Know Your Employee Rights: Layoff Laws, Rules, & Regulations and How They Benefit You
Know Your Layoff Rights
When you get laid off, the cards may seem to all be in your (former) employer’s hand. However, you are entitled to several employee rights. Layoff may result in you receiving unemployment benefits, earning a chance to opt into COBRA, transferring retirement accounts, and more.
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Show Me the Money
Monetarily, there are several things your employer must do when laying you off. For instance, if you have earned vacation time, the law requires your employer to pay you accrued, unused vacation time owed to you. In rare cases, there may be a clause in your employment agreement forfeiting this benefit, but employers are required to notify you of that in writing, so if that’s the case it shouldn’t come as a surprise.
How about your final check? If you’re waiting long for your final paycheck to arrive, check your state’s laws. In most states, employers are required to get the employee’s last paycheck just like normal, on the next payday.
What about retirement funds? You should receive paperwork regarding your 401(k) or pension plan at the time of layoff. 401(k)s are simple to deal with: they are easily rolled over into an IRA wherever you want. Pensions are a little more complicated. Your company may decide to pay you your pension in one lump sum, or you may still receive it when you retire.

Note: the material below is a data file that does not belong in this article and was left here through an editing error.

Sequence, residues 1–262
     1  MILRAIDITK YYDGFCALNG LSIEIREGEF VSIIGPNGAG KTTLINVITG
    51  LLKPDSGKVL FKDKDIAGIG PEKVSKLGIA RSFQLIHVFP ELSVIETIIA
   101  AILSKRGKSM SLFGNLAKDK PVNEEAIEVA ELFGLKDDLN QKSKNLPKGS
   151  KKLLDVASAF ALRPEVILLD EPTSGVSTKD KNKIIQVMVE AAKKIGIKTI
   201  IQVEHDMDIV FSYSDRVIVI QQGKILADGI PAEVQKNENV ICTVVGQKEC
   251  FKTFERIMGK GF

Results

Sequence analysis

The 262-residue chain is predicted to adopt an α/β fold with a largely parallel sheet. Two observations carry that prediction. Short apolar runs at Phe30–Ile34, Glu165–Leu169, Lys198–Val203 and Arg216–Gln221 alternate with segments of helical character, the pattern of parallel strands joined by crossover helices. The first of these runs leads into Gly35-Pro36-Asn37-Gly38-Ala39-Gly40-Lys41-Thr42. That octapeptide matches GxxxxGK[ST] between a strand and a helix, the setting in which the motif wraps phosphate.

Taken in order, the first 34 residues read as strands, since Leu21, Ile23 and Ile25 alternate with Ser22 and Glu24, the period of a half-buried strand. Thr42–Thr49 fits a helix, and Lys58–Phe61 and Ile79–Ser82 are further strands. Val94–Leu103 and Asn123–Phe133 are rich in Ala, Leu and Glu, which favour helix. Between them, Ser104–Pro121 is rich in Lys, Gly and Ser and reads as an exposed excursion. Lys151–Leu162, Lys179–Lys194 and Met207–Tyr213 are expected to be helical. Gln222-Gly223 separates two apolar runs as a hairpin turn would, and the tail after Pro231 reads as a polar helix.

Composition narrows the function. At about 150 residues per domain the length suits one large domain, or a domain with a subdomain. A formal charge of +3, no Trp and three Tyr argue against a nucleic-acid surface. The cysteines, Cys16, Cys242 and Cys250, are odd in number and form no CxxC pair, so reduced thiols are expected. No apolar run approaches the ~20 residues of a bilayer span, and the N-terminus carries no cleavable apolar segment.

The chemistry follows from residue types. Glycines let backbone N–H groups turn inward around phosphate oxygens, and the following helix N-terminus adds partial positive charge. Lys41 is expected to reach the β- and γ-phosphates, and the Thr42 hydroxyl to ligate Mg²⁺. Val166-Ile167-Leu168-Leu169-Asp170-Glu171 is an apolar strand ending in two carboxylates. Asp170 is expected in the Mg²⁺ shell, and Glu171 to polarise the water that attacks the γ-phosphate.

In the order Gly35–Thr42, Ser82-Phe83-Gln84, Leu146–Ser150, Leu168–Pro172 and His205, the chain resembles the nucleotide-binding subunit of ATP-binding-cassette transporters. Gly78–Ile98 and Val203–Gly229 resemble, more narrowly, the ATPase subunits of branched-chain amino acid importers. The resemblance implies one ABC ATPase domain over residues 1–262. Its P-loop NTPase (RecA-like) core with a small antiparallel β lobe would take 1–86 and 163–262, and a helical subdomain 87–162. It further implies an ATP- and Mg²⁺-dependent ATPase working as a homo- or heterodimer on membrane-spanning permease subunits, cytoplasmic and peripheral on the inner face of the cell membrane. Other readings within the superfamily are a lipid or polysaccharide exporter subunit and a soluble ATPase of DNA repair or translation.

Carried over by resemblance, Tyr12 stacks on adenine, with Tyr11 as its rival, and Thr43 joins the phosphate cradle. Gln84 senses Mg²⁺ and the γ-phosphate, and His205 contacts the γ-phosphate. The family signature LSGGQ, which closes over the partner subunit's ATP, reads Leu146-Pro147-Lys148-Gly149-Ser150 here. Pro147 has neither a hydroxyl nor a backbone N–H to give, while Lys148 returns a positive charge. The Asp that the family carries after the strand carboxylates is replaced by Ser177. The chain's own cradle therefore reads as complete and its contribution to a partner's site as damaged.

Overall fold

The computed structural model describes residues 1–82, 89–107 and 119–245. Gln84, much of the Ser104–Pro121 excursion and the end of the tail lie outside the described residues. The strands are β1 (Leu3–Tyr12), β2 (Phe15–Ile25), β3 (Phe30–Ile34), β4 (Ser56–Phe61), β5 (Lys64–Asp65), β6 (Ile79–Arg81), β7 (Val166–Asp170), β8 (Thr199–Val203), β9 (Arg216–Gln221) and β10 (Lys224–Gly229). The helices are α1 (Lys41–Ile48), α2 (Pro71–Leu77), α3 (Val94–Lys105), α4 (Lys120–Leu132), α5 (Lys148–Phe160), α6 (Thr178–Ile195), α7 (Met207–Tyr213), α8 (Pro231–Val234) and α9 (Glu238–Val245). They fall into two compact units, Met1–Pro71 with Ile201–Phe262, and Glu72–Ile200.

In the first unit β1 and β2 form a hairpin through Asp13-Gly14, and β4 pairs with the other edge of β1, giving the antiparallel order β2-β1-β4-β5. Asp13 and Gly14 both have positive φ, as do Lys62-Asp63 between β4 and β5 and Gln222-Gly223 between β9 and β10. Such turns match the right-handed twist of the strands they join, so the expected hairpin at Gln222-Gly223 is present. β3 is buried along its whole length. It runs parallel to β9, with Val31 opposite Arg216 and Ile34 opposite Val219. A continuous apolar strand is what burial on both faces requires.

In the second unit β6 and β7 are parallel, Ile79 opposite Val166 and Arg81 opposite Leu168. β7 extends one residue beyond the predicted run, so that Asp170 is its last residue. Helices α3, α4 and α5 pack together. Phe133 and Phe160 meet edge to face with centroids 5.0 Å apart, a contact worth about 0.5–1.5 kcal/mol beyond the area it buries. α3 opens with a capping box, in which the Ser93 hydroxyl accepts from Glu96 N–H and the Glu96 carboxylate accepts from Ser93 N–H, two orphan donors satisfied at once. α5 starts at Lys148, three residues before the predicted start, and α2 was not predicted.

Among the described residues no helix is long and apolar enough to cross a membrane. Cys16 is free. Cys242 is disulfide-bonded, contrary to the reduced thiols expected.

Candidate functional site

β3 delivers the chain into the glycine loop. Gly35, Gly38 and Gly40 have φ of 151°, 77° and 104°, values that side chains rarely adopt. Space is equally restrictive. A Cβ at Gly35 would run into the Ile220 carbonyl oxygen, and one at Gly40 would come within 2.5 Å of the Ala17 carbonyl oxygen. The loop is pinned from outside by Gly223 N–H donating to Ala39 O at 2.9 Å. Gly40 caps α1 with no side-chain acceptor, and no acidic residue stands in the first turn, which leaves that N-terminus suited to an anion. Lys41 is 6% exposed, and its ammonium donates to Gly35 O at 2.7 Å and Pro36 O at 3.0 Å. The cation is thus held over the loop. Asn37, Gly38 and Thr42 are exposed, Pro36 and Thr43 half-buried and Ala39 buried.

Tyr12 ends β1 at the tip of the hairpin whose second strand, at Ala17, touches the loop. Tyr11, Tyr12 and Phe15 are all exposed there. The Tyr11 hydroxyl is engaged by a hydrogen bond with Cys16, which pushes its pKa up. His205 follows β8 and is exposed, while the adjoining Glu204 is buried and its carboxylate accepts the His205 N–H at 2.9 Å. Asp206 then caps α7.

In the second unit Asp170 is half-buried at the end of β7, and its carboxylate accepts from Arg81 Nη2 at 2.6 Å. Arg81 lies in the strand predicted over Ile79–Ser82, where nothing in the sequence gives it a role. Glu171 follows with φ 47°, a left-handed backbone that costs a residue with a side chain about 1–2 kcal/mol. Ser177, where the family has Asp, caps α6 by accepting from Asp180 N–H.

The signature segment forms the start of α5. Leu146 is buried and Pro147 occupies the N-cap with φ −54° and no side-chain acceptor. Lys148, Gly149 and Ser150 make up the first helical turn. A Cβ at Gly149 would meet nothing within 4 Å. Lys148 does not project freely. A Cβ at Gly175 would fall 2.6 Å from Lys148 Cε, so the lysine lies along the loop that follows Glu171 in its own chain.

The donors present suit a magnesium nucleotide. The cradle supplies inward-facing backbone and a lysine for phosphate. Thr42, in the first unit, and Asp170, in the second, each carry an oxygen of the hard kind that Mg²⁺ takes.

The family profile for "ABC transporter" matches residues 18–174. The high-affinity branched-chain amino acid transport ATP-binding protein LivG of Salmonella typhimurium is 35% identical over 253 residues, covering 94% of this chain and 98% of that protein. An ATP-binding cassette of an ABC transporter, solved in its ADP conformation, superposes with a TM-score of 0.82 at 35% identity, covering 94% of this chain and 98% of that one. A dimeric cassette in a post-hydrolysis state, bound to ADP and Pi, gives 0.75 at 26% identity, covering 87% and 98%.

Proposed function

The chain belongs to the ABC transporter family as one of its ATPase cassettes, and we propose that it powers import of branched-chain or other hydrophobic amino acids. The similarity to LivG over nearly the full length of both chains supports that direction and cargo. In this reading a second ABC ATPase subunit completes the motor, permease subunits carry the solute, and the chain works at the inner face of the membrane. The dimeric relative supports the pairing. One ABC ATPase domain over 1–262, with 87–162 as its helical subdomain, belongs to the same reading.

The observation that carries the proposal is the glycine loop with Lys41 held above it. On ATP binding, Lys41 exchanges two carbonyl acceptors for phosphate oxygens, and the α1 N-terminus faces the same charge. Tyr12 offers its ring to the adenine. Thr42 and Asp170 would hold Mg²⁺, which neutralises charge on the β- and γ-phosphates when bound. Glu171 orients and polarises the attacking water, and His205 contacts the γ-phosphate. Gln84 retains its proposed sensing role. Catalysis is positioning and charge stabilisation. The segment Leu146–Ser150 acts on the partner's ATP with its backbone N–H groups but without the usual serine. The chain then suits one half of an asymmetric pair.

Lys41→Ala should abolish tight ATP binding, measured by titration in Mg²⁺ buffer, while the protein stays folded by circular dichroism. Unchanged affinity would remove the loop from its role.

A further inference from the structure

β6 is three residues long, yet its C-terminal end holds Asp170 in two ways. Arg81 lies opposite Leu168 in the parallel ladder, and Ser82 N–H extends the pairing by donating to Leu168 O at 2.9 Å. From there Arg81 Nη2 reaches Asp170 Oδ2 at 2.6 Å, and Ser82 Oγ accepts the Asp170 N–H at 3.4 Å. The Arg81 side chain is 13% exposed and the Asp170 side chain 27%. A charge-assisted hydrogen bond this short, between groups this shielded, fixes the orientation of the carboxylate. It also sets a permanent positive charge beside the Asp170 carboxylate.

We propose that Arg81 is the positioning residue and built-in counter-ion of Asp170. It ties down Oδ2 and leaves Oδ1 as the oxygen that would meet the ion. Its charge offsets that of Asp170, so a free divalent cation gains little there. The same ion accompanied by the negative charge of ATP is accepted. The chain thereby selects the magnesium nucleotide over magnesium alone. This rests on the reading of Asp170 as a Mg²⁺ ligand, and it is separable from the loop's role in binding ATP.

What About Health Insurance?
COBRA is is an acronym for a federal law that requires being offered continuation of health insurance under your employer-provided plan after being laid off from the company. COBRA applies to companies of 20 or more employees. You have the right to continue your health insurance, except now you’ll be paying the entire premium out of your own pocket. However, COBRA health insurance is often cheaper than individual plans, and is a godsend for people who can’t qualify for health insurance on their own.
If your company is larger than 100 employees and laid off at least 50 of them, they are required by federal law to give 60 days notice prior to the layoff. This is a provision of the Worker Adjustment and Retraining Notification Act (WARN).
Collect Your Unemployment
If you are laid off, you most likely qualify for unemployment benefits. Most states have streamlined their unemployment office system over the past years, and allow signups and check-ins to be done online or over the phone. Unemployment will not pay as much as your job did (it’s calculated using a somewhat complex formula) but it will help you get by while you job hunt.
If your job is in jeopardy, it pays to know your employee rights. Layoff is a procedure that has several state and federal laws governing it in order to protect you. Exercising those rights and making sure to obtain your benefits like unemployment compensation and COBRA health insurance can ease the worry of looking for another job.